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Specialty Chemical Plant Migrates to SIMATIC PCS 7 Control System

A specialty chemical plant located in the Southeastern United States needed to implement an effective DCS life-cycle management program to maintain their competitive advantage in the marketplace. The plant, in operation for over 25 years, produces a chemical that is used as a feed additive for helping farmers to deliver food to the table in a more efficient and environmentally friendly way. Efficiency and an obsession for quality in the automated production process have also made this plant one of the most profitable for the company, a global market leader in specialty chemicals. Defining the Leading Edge Over the past 25 years, the manufacturer has continually upgraded the plant to stay ahead of its competition. In the early 80s, the automated production process at the facility was controlled by Moore Products' Multiloop Controllers (MLC). In 1992, the company was among the first to install a Moore APACS control system. By 1996, the APACS system grew to become the primary distributed control system (DCS) in the plant. The plan was to completely replace the MLCs with APACS equipment running on ProcessSuite Human Machine Interface (HMI) software.


Case Study Chemical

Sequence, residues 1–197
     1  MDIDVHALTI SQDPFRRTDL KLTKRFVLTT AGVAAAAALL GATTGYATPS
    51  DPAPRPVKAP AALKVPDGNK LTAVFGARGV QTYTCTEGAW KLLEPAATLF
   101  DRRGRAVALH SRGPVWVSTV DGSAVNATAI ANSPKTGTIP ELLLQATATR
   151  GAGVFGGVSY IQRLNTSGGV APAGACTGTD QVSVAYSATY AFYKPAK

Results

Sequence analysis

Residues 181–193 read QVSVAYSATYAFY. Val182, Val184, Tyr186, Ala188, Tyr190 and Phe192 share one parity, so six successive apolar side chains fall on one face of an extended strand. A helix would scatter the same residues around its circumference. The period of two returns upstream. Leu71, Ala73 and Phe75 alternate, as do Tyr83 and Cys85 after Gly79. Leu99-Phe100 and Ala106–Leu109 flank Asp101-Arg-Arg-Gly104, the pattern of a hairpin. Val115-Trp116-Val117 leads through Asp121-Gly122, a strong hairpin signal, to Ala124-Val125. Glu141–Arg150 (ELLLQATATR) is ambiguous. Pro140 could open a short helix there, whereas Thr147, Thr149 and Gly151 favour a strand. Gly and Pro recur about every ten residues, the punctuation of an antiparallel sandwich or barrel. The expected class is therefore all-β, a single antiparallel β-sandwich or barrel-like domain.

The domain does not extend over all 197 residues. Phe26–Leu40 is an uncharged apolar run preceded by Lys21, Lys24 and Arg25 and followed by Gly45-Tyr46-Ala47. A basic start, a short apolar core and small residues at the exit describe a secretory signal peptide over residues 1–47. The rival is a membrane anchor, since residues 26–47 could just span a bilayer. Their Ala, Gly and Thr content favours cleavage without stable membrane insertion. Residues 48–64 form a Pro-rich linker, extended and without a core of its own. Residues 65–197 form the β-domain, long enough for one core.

Four years ago, the plant's project engineer began another upgrade to keep the facility at the leading edge of technology - to Siemens SIMATIC PCS 7 distributed control system. The migration focused on leveraging the Siemens PCS 7 OS HMI to provide a common platform to operate and control the PCS 7, APACS, and QUADLOG controllers to minimize the total cost of ownership of the system and improve efficiency. This approach allowed the engineer to retain the valuable APACS hardware that will be used to run the plant for years to come. Siemens is the only company that offered a comprehensive migration plan that fit the plant's needs. The proposed plan included maintaining existing hardware and preserving/reusing their intellectual property (control and HMI applications) helping to make the project economically viable. The plan helped the project engineer convince the plant's production manager, engineering manager, and corporate finance people that the PCS 7 system was right for them. At the time, the plant was well into the migration from the MLCs to the APACS control system with ProcessSuite HMI. Sixty percent of the MLCs were already changed. Forty percent of the HMI graphics had to yet be modified to complete the changeover. Putting all the numbers in front of everybody and looking at where they were going, PCS 7 was the obvious choice, because the plant would have an HMI that worked with all the automation equipment. From a long-term perspective, the company would not have to go through another upgrade again for quite a while.